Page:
In March 2011, I announced investment in the development of health and criminal justice liaison and diversion services of £5 million over the course of the year (2011-12). I am pleased to announce that investment in these services will be further increased to £19.4 million for 2012-13.
Liaison and diversion services aim to ensure that wherever offenders are in the criminal justice system, their health needs or vulnerabilities are identified and assessed and they are linked to appropriate treatment services. Information about their needs can then be provided to the police and courts to enable them to make informed decisions about charging and sentencing. Addressing their needs is also expected to contribute to a reduction in the likelihood of their reoffending. Liaison and diversion services will be accessible to all offenders—whether adult men or women, children and young people, and whether they have a mental health or substance misuse problem, learning disability or personality disorder.
Work over the past year has allowed us to set up a liaison and diversion network, consisting of 94 adult and youth pathfinder sites, alongside 10 police forces who are exploring the transfer of commissioning responsibility for health services in police custody suites to the NHS. These pathfinder sites are leading the way in developing how diversion services will work in the future, as well as understanding the costs and benefits they generate, to inform a decision about rolling out new services across the country.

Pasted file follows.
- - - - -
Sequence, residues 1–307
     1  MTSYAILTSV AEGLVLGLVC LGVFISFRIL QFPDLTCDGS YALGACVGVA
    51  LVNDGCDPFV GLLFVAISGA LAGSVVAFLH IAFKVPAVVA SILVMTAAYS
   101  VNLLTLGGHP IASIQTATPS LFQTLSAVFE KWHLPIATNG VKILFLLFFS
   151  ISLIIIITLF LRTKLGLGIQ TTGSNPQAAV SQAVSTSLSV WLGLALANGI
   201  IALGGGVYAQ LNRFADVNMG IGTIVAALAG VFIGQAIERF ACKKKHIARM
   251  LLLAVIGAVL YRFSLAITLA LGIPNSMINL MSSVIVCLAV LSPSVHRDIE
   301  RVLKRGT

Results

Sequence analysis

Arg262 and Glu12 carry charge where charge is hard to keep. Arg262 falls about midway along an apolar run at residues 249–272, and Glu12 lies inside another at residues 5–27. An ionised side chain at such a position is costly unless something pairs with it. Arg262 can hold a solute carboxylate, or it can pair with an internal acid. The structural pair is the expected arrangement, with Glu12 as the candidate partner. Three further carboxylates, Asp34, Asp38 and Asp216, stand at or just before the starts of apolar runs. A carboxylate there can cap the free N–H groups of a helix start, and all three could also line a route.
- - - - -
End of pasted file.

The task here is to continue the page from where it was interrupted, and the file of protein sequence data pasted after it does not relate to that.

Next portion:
Over the next three years, this network of sites will focus on developing an implementation plan which will include:
guidance on good practice;
quality standards and outcomes; and
work force development and training plan.
Increased investment will also allow selected pathfinder sites to test different elements of service provision, and will include looking at treatment-based options for sentencers as an alternative to custody for those with health needs or vulnerabilities. This testing work will be particularly important for developing a consistent service model and informing the set-up of the remainder of diversion services during roll-out.
The pathfinder sites are already providing information on their services which will contribute to the development of the business case (due for completion in early 2013),
which will inform a ministerial decision on full roll out. We will also undertake a fuller evaluation to capture the best of local learning and explore options for making schemes available nationally by 2014. An evaluation of six existing youth justice liaison and diversion pilots has already taken place and the report from this work is due to be published early this year.
These services are integral to the delivery of the Government’s vision for the rehabilitation of offenders, as well as the cross-Government strategy on improving mental health outcomes, both of which were published last year. Both the Department of Health and Ministry of Justice are committed to this work, as reflected in both departmental business plans, and are working together to deliver liaison and diversion services across the country by 2014.